Zoom and his team arrive as Savage makes his escape, leaving Scandal standing over Knockout’s body and Zoom struggles to summon enough speed to place a tracking device on Savage’s airship.
The team calls Waller who orders the team after Savage. Deadshot goes out by himself and makes his way to Lacoma, Utah to his daughter at a boarding school but is told by her roommate that she’s not there. Deadshot goes searching for his daughter at a rundown apartment building and is accosted by the local drug dealer and then by Bronze Tiger, who followed Deadshot. The two throw down and are interrupted by the rest of the team. Waller puts Tiger in charge of the team. As the team stops at a rest stop. Deadshot gets a call from Scandal with a set of coordinates.
At the rest stop, Frost is attacked and knocked unconscious by Banshee, who make off with Frost along with Blockbuster in a van. Deadshot pursues them in the RV, which is blown off the road by a sonic scream from Banshee. The rest of the team picks up Deadshot in a stolen bus.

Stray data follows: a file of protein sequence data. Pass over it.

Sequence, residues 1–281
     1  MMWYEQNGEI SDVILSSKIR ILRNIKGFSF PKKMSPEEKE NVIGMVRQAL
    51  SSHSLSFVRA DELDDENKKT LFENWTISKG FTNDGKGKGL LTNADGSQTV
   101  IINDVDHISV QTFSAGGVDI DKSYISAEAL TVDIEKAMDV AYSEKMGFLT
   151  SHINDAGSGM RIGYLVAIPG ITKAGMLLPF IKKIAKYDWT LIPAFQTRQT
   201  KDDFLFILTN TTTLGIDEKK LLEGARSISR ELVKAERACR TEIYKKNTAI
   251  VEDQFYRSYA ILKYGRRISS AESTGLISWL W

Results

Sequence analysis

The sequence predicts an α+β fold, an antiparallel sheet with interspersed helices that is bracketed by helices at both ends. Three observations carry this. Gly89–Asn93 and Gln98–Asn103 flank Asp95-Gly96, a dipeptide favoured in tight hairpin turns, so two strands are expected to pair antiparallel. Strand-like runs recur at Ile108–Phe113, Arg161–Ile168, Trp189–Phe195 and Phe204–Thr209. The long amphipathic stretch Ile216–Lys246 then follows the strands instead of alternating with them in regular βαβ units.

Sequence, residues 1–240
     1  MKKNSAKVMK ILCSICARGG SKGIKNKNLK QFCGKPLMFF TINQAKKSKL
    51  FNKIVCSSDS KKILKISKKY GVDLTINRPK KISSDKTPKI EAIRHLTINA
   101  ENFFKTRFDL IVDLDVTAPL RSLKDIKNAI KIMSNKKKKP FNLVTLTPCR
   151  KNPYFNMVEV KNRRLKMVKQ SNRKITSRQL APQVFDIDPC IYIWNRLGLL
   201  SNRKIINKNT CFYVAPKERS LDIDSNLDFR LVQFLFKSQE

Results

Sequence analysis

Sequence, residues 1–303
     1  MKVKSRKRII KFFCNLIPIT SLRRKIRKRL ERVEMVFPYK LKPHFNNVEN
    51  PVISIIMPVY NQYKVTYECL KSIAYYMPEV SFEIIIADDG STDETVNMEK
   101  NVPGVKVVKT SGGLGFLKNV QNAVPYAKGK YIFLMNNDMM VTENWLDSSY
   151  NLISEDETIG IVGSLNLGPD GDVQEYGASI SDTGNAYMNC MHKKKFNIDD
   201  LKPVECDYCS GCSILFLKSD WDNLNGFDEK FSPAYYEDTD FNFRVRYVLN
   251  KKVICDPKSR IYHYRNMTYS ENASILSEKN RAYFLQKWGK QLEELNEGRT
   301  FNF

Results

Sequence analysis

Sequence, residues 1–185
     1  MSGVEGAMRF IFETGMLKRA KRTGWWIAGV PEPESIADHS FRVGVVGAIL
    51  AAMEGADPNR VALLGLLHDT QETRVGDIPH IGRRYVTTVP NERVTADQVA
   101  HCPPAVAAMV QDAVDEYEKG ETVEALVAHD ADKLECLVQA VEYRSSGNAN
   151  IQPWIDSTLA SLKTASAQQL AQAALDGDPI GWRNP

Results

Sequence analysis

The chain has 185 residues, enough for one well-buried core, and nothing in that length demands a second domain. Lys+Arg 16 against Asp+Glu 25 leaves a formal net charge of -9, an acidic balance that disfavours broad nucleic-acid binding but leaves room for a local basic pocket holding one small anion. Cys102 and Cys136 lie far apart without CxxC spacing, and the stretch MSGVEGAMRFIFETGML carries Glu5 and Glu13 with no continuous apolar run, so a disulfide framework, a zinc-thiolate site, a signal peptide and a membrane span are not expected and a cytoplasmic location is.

Frost wakes up next to Zoom and makes the two make a deal, with Zoom, who removes Frost’s implant. The team tracks Frost’s implant in a desert cabin but finds it empty. Waller blows Frost’s implant as Copperhead finds that the implant has been placed on the cabin’s propane tank and the team runs as the cabin explodes, leaving Tiger badly wounded.